America's Cup: Emirates Team New Zealand take commanding lead

Kiwis now have six of the nine wins they need to claim the 1851 trophy for the first time in 10 years

Rocky, Top Gun, and John Wayne combined will be needed to dig devastated America's Cup defender Oracle Team USA out of the fiery pit into which they have been consigned by the rampant challenge from Emirates Team New Zealand.

The Kiwis went six to one up, in reality still minus one because of penalties, on their drive towards the nine wins they need to take the 1851 trophy home again after an absence of 10 years.

Such was the confidence of the silver fern team that in race seven, the second of the day, they could afford to play the fastest way up the track on San Francisco Bay instead of concentrating just on racing the opposition.

The defenders had exited the contest after race five to “regroup”, fired their tactician John Kostecki, whose home waters these are, and replaced him with Britain's all-time greatest sailing Olympian, the recently knighted Ben Ainslie. That left just one American in the 11-man Oracle crew, Rome Kirby.

But the Kiwis even won the start of the second race, “very happy” skipper Dean Barker sliding over the top of his Australian-born rival Jimmy Spithill, rounding the first mark two seconds ahead, extending that to seven at the bottom of the course, and then turning the knife with an extra 49 seconds on leg three.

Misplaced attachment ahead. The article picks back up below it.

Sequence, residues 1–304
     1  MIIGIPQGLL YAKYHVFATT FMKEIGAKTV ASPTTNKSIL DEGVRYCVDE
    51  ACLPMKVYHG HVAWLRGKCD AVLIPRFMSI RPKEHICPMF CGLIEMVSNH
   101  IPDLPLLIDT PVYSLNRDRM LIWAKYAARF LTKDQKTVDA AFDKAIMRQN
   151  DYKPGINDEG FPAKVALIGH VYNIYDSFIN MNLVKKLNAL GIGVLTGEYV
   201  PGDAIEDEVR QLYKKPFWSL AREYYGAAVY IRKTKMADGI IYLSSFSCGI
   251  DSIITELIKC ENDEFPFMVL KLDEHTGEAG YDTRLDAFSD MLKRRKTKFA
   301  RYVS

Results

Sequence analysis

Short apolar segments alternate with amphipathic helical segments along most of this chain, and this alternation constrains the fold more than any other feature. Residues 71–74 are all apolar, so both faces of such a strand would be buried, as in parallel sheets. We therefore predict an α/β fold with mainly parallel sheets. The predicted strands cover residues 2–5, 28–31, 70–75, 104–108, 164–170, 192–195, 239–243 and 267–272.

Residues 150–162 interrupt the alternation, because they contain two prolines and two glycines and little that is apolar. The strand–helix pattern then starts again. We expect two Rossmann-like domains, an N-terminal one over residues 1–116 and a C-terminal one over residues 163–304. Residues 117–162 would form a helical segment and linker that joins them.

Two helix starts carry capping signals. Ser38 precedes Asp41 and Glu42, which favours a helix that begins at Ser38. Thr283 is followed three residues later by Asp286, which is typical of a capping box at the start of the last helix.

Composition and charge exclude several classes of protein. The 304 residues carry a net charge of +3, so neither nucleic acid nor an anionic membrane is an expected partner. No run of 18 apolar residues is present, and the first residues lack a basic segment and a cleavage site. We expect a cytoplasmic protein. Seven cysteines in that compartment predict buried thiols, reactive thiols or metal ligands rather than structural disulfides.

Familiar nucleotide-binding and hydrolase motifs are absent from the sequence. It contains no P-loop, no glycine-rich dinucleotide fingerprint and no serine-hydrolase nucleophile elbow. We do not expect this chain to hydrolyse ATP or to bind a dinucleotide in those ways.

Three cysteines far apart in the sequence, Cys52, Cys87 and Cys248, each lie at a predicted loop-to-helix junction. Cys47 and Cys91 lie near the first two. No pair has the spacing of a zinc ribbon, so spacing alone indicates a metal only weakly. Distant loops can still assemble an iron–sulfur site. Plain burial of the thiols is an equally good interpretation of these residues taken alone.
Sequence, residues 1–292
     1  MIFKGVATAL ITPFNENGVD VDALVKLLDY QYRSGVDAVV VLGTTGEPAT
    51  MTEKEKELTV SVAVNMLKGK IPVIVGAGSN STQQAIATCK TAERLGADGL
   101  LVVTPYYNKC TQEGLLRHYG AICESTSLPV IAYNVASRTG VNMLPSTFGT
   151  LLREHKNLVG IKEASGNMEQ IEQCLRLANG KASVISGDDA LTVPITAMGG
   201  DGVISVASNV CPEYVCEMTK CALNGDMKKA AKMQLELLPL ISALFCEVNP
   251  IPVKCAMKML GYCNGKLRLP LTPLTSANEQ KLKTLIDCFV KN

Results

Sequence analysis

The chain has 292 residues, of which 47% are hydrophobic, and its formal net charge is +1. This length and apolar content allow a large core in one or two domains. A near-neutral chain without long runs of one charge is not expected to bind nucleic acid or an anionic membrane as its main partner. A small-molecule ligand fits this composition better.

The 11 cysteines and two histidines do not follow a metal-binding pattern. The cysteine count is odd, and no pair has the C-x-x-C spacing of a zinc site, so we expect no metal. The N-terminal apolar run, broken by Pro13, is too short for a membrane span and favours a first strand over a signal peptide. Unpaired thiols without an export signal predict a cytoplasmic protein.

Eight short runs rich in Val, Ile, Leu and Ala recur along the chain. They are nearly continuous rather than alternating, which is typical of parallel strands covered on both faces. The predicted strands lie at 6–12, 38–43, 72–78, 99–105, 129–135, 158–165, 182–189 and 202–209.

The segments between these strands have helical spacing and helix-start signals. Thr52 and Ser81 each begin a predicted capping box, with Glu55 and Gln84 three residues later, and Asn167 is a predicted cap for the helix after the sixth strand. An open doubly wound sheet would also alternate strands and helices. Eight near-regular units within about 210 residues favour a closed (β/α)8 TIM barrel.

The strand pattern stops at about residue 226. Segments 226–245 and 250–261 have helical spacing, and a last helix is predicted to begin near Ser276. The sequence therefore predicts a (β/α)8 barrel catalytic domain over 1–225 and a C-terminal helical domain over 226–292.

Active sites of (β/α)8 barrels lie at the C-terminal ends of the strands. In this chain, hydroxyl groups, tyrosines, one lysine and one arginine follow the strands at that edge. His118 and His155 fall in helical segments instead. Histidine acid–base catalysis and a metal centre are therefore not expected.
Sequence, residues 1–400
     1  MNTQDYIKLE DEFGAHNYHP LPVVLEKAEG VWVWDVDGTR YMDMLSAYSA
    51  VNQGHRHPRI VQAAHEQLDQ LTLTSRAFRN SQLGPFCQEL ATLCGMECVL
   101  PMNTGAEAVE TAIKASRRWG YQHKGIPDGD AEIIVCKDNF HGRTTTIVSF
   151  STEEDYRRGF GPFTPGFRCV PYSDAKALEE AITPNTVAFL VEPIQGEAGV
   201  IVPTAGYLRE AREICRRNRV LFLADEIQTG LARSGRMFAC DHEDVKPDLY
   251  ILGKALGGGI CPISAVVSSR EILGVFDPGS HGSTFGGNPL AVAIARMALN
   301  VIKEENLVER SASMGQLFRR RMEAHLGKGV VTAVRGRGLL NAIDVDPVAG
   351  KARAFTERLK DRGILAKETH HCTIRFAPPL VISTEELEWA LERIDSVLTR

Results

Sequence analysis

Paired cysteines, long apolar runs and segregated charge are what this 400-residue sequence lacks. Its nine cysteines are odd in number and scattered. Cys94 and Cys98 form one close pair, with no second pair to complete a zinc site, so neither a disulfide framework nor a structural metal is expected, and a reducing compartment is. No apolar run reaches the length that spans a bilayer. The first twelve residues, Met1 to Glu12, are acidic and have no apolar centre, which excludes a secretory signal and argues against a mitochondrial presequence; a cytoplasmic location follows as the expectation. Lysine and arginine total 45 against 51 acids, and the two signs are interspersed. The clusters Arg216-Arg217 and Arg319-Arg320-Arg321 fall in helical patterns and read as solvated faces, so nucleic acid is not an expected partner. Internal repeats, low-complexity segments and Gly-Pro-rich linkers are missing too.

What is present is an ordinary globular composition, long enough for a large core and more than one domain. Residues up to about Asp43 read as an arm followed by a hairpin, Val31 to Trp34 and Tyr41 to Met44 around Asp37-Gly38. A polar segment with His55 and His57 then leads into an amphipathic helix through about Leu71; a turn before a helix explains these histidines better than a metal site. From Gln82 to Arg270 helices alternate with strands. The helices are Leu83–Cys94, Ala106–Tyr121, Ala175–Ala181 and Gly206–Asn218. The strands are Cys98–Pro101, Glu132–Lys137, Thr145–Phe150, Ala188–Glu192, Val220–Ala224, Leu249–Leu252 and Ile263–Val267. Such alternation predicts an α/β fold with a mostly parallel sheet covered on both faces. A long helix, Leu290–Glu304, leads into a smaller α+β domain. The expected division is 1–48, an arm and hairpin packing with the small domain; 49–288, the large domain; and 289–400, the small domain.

At a net 56 seconds and over a kilometre ahead, Spithill and Ainslie, plus Australian strategist Tom Slingsby, became understudies in a command performance which may not have long to run. At the finish it was one minute and six seconds.

The New Zealanders need just three more wins, there are four races scheduled for Saturday and Sunday, and the “Auld Mug” could be back in its showcase at the Royal New Zealand Yacht Squadron in Auckland by next weekend.

The first race had almost gone to script. Spithill was sharper on the start after Barker had tried to push him with a singular lack of success, took the lead at the first mark by nine seconds and stretched that to 12 seconds at the bottom of the course.

The Kiwis had been looking for a chance to split away, took it when offered at the start of the upwind work on leg three and there was little that Oracle could then do.

Ainslie was not in a position to dictate the tactics, many recalling a mantra attributed nearly half a century ago to sailmaker Ted Hood - “boat speed makes you a tactical genius.” TNZ had the speed and just carved relentlessly into Oracle's lead.

From a 12-second deficit TNZ built a 44-second advantage at the top of the course in the shadow of Golden Gate Bridge.

The net gain of 46 seconds was just too big a task for Oracle, which finally crossed the line 47 seconds astern.

“They have some wheels and a half,” said Spithill afterwards, adding: “Ben did a great job.”

His tactical counterpart Ray Davies said: “We got a split at the bottom, which was pretty important. Then we enjoyed little gains in wind pressure and little gains in the tacks.”